I don't think astrologers would mind so much if they were just more honest about the limitations of the scientific model, as well as how relative it actually is. If anyone doubts that for a minute, watch this documentary and you'll see what I mean. (See: BBC Horizon - What is One Degree?)

Of course, astrologers can be just as bad when it comes to claiming that astrology offers a failsafe way to predict future events. Plainly, in practice, this is not always the case. Astrology is a tricky and slippery business, as I have discovered on numerous occasions, including this one, where I have ended up re-calculating the Quake chart about three times!

Astrology is not simply an ancient science or technique, as some like to argue for the sake of credibility (in a world where science and rationalism are so highly valued, astrologers and those who value the role of intuition and imagination, are often ridiculed, and thus try to find a legitimised place within that society) - it is a divination system and as such, depends on an animistic worldview, which may include spirits, angels and the ideal of everything, including planets, having soul and consciousness. It also often surreptitiously implicates the astrologer themself in some way. A case in point is this chart, which has ended up mimicking the angles in my own natal chart . Strangely, this earthquake also occurred exactly one month after a rather dramatic event in my own life, showing me the subtle connection between perceiver and what is perceived that some quantum physics studies have some clearly illustrated, to the horror of many mainstream scientists.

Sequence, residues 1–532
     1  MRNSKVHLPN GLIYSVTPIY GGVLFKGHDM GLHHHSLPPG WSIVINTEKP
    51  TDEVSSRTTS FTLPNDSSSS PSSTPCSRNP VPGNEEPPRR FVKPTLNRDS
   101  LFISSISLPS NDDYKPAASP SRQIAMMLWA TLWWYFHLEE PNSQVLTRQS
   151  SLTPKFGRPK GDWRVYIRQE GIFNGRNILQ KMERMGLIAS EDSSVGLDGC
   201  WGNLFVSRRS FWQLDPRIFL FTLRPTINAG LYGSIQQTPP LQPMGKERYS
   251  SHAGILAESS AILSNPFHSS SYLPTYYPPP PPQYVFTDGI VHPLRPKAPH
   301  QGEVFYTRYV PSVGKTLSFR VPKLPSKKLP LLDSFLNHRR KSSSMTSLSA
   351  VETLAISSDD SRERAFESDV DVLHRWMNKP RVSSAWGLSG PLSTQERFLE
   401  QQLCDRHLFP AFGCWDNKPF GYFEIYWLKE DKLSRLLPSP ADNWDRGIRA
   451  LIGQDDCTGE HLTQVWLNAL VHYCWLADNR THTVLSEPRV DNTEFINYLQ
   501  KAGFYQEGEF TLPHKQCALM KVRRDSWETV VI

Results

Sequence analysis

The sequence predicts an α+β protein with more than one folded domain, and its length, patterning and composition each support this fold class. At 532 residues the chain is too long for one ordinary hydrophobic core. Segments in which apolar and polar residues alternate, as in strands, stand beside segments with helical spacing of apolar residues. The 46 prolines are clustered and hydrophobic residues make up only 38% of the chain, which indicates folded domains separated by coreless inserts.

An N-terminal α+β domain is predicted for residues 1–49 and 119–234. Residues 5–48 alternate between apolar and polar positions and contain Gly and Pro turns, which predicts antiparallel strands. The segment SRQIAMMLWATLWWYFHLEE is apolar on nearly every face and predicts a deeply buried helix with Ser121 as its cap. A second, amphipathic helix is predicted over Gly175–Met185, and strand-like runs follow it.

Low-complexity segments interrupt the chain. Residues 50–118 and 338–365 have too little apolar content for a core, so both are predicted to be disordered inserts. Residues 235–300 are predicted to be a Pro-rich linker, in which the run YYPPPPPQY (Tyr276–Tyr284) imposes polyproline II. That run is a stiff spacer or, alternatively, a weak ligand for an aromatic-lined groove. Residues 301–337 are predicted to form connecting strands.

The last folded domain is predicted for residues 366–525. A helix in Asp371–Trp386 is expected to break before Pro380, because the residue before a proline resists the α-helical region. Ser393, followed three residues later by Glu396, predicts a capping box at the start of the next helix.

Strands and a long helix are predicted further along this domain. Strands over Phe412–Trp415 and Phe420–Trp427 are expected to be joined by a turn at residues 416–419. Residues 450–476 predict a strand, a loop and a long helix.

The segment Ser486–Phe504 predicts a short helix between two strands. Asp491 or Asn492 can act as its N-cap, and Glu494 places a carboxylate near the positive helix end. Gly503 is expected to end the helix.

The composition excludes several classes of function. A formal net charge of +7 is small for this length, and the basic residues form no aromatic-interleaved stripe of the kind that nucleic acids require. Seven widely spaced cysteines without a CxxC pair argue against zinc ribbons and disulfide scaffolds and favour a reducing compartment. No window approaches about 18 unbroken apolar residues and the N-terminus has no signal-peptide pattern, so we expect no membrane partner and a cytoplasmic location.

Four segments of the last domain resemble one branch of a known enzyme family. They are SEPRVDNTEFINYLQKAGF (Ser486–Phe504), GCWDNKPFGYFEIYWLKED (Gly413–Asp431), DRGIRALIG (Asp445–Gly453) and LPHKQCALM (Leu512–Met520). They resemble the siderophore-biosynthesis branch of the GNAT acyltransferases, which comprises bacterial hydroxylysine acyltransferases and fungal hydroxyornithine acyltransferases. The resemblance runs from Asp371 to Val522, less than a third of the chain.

At any rate, without wishing to get involved in that debate again (See my previous posting on Solar Flares) I thought we might look at a chart for the Japan quake to see if it has anything symbolic to say to us about the quake...